Inline2_Guide_KPMG

Takeaway:

  • Automate policies wherever possible to reduce both human error and developer toil.

Productize security

Writing code faster is great, but every organization has to mitigate software security risks. Traditional approaches to managing security risk, such as manual point-in-time assessments combined with often cumbersome and outdated controls, can lead to delays in delivering value. They can also cause significant friction between information security and engineering if engineers see security as an impediment to their work.

One way to reduce this friction while ensuring that you can securely deliver value through technology is by productizing security within the SDLC. You can start by treating your security policy as code, just as you can your innersource policy. For years KPMG has used GitHub to share and collaborate on our compliance policies. From there, we were able to automate compliance in many cases. GitHub Actions and GitHub Advanced Security are a powerful combination for this. Below is an example of a workflow file that pushes vulnerabilities detected in an Infrastructure as Code templates and allows engineers to use the same GitHub UI workflow to manage (resolve, dismiss, etc.) these vulnerabilities as the rest of the codebase.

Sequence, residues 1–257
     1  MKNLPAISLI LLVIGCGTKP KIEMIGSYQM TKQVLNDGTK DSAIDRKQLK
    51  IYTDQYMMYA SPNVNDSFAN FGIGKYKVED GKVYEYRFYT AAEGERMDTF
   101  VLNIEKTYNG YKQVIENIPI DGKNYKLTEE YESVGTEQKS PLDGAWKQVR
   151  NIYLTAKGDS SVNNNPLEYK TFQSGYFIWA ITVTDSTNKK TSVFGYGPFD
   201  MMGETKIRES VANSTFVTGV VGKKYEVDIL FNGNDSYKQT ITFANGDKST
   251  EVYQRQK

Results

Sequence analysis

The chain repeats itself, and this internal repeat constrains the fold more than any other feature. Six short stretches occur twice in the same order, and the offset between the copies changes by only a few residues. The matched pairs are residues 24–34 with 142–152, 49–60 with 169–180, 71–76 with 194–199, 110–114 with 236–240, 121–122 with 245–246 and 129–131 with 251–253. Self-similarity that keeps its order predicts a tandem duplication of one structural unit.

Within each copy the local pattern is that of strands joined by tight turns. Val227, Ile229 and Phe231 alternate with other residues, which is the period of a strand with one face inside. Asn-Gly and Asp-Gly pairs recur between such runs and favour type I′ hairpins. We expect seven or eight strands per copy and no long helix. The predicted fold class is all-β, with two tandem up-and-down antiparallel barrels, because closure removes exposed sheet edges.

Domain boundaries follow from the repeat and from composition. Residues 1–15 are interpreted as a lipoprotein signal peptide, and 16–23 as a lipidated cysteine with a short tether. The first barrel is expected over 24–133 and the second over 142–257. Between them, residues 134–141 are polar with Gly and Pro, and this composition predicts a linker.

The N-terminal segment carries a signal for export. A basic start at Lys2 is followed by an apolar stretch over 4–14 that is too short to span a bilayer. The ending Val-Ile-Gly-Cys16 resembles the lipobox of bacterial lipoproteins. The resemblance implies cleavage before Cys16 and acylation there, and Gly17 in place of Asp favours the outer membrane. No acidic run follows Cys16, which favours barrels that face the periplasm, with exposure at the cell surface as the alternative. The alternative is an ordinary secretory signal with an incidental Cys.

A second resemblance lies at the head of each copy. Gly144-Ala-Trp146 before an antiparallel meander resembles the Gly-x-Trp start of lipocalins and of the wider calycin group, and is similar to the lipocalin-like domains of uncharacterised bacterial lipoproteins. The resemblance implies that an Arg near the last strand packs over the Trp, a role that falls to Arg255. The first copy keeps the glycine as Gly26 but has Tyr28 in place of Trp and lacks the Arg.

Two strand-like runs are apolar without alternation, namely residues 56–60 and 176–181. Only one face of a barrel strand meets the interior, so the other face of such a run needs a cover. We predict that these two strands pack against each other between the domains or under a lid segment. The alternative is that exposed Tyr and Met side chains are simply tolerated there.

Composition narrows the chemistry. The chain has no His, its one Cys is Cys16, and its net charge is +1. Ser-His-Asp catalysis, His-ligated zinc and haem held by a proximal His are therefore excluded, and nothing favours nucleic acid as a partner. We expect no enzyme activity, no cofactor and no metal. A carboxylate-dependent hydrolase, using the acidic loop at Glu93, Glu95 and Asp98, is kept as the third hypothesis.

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# You can call this workflow using the syntax
# jobs:
#   tfsec:
#     uses: KPMG-UK/github-actions-library/.github/workflows/tfsec.yml@main
name: 'Tfsec'
on:
  workflow_call:
jobs:
 tfsec:   
   name: Run tfsec sarif report
   runs-on: ubuntu-latest
   permissions:
     actions: read
     contents: read
     security-events: write
steps:
     - name: Clone repo
       uses: actions/checkout@v3
- name: Run tfsec
       uses: aquasecurity/tfsec-sarif-action@v0.1.0
       with:
         sarif_file: tfsec.sarif        
- name: Upload SARIF file
       uses: github/codeql-action/upload-sarif@v2
       with:
         # Path to SARIF file relative to the root of the repository
         sarif_file: tfsec.sarif 

Previously, security checks would happen late in the product development lifecycle, placing a burden on engineers to fix problems long after they thought they were finished writing code. This was because our security products were largely focused on security professionals, not software developers. To make matters worse, we saw so many false positives that developers were tempted to ignore security notifications altogether.